Thursday, September 03, 2009

PDX, Paul Bunyon and politics

Some interesting Oregon updates I just ran across. When I worked in TV news, I lived in Portland for a couple years as I made my way back up the I-5 corridor from Medford, Oregon home to Seattle. I started out in an apartment and eventually bought my first home in the Kenton neighborhood in North Portland.

Some folks know it as the place with the towering statue of mythological lumberjack Paul Bunyan (photo courtesy of A fitting icon in a state built inlarge part on logging in decades past.

Others know it as the neighborhood that's also home to the Dancin' Bear Bare strip club (and yes, that's how it's written on the sign).

Whichever memory aid works for you, it was my 'hood in Portland: working class, a little rough around the edges, but I felt, on the upswing. Apparently, I was right, just a bit early back in 2001.

According to the Oregonian newspaper, the neighborhood's getting some revitalization money: Amid face-lift, Kenton values small-town feel.

In other Oregon news, former governor John Kitzhaber is back on the scene and planning to run for governor again. Although he served two terms as governor from 1995-2003, Oregon’s constitution only prohibits governors from serving more than two consecutive terms or more than eight years within a 12-year time frame.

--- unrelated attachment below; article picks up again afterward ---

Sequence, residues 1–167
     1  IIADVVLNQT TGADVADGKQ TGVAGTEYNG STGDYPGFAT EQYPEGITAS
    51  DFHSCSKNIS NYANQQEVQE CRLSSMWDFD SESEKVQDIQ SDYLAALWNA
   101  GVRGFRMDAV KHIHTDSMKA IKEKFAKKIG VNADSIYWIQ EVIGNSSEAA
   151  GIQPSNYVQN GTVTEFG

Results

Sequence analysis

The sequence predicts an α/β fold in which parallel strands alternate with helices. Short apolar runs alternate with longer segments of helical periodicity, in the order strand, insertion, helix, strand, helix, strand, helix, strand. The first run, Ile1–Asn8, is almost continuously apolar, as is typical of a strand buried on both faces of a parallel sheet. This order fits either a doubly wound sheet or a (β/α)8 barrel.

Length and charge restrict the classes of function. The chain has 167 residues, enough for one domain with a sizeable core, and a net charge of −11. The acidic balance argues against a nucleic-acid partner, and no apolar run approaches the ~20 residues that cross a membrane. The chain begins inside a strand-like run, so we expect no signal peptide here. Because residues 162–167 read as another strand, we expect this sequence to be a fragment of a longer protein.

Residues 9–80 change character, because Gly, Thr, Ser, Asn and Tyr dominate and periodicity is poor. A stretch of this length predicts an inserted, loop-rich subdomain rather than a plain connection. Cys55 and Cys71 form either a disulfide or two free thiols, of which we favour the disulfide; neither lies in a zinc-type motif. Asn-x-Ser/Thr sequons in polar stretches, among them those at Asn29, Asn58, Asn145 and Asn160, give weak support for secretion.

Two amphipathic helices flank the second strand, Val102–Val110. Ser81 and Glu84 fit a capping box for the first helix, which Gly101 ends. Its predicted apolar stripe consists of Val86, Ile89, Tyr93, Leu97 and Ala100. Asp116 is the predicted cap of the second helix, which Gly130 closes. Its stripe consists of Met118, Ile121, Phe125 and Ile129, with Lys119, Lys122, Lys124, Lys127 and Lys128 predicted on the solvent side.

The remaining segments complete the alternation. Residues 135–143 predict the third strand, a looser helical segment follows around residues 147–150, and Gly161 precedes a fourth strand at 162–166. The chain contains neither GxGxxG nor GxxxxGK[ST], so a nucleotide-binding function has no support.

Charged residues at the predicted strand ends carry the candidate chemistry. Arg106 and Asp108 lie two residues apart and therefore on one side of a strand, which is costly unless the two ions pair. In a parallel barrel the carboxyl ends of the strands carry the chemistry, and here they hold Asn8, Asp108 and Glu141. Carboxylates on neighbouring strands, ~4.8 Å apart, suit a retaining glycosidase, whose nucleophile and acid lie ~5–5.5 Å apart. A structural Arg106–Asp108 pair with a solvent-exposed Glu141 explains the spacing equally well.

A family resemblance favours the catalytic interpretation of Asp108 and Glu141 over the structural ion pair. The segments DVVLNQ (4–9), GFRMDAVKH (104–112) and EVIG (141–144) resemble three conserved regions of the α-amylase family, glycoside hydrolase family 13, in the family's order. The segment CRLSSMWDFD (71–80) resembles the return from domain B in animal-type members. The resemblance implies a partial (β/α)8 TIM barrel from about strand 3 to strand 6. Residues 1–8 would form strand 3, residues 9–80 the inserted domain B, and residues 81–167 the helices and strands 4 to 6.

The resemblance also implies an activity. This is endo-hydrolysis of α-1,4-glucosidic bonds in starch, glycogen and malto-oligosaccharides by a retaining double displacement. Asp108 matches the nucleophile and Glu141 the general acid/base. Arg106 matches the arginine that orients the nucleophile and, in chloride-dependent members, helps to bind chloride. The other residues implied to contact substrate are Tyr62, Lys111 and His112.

I met Mr. Kitzhaber when I was a reporter in southern Oregon and he always struck me as a reluctant politician who eschewed partisanship and served for the right reasons: because he had good, innovative, progressive ideas, and wanted to work with others to make things better for as many people as possible, not just a select few.

He's a former emergency room doctor who helped write the Oregon Health Plan . After he left office, one of his projects was (from Wikipedia) launching the Archimedes Movement, an organization seeking to maximize the health of the population by creating a sustainable system which uses the public resources spent on health care to ensure that everyone has access to a defined set of effective health services.

When he was in office, one of the criticisms of his tenure was that he didn't work well with the Republican-controlled legislature during his term. Not sure how he'll approach that this time around, but he seems like just the kind of politician we need in the fray these days.

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